Michael's Reviews > We

We by Yevgeny Zamyatin
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Apr 12, 2012

really liked it
bookshelves: russian-literature, dystopia, political, speculative-fiction, 1001-books-to-read-before-you-die, 1920s, books-to-aquire, translated-fiction
Read from May 24 to 28, 2012

Yevgeny Zamyatin wrote his seminal dystopian novel We (1921) based on his personal experiences during the two Russian revolutions (1905 and 1917) and the first World War. The book ended influencing dystopian authors like Aldous Huxley and George Orwell. This book not only influenced the dystopian genre but could also be the influence towards the post-apocalyptic genre as this was set in a world where all was wiped out but “0.2% of the earth's population”. The book is set in ‘One State’ which has been organised to be a workers' paradise; everything has to work like clockwork and everything is based on logic and mathematics. This society is heavily surveillanced, has martial law and is heavily censored; a totalitarian world.

The protagonist, D-503, is an engineer who begins writing a journal (much like in 1984) to document Integral, the spaceship being built to invade other planets. D-503 is under constant surveillance by the Bureau of Guardians (the secret police) as is everyone else. He is assigned a lover O-90, but ends up having an uncontrollable attraction to I-330. This leads to nightmares and furthermore into what could be considered a mental illness. I-330 reveals to D-503 a world that was previously unknown to him. Will he hang onto hope or will reason get the better of him?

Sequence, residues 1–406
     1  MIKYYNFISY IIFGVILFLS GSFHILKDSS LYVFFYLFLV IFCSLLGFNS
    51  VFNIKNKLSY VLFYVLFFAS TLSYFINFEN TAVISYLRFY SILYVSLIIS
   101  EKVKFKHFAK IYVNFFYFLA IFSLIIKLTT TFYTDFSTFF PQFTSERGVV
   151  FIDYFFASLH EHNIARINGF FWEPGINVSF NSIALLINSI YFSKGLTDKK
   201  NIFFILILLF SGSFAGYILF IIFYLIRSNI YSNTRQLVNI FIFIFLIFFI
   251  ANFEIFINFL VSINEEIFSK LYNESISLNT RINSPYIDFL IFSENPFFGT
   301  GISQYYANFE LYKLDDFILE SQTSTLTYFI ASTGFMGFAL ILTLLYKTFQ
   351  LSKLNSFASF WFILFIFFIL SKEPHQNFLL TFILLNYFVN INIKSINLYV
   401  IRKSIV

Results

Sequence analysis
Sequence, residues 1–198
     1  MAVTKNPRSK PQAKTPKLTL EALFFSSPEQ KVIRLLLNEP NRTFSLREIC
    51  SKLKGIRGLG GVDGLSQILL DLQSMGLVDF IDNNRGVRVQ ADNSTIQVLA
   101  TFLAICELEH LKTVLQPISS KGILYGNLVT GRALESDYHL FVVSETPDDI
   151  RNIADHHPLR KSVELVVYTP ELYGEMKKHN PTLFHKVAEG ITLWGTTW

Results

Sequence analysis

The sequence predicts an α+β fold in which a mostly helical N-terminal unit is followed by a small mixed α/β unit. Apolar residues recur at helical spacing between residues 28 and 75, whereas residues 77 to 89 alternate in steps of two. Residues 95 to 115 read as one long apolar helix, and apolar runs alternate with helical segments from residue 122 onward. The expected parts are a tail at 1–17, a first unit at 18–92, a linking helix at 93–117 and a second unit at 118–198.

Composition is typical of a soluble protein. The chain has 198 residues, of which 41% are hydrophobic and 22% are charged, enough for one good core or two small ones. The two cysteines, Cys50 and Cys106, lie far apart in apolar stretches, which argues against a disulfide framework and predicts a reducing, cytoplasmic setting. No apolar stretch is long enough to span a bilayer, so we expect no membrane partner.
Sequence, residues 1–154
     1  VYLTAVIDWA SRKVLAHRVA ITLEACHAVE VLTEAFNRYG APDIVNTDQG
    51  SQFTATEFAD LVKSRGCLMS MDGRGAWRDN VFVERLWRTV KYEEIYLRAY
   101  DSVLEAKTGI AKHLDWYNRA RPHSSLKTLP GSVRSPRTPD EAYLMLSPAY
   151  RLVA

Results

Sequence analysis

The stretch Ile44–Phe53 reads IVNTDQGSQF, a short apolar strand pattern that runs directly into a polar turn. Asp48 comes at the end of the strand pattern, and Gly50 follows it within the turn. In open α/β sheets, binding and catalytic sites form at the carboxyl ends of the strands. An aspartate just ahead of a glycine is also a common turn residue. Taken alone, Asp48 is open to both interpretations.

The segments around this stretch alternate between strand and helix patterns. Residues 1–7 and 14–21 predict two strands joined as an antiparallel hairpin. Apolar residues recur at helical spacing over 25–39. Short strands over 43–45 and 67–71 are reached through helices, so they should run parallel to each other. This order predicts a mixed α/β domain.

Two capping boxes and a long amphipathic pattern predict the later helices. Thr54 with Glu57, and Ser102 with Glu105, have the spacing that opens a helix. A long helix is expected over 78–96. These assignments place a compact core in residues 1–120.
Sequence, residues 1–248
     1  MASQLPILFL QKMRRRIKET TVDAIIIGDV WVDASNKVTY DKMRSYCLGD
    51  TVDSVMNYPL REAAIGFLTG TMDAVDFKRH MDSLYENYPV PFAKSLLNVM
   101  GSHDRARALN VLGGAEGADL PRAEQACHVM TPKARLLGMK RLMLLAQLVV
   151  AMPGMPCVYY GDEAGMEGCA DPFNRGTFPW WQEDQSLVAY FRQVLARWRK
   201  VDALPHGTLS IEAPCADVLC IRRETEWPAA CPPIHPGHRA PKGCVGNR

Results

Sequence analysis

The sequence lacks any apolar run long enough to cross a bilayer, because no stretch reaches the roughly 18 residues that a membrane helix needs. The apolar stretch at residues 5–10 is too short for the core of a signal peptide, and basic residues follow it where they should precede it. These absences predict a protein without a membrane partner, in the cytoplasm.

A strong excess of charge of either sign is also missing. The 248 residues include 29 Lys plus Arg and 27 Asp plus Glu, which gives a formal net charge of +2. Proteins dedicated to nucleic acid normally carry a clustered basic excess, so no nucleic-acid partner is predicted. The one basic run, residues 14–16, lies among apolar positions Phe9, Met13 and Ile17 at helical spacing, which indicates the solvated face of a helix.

We was an impressive novel; not only with the themes that it explores but also with the technology and the simple fact that it was years and years ahead of its time. While some say We was released in 1920 and others 1921, there is no denying that, because of the subject matter, this was an impressive piece of literature. If it wasn’t for this book we may never of been able to enjoy Aldous Huxley's Brave New World (1932), George Orwell’s Nineteen Eighty-Four (1949) or even Kurt Vonnegut’s Player Piano (1952). By today’s standards this book would be overlooked but something innovative and so complex to be written so long ago makes this worth a read.
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Reading Progress

05/27/2012
75.0%
11/27/2016 marked as: read

Comments (showing 1-2 of 2) (2 new)

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Nataliya Great review. I love that you mention Zamyatin's influence on the now more famous writers and the genre itself.


Michael It's impressive how much he's influenced


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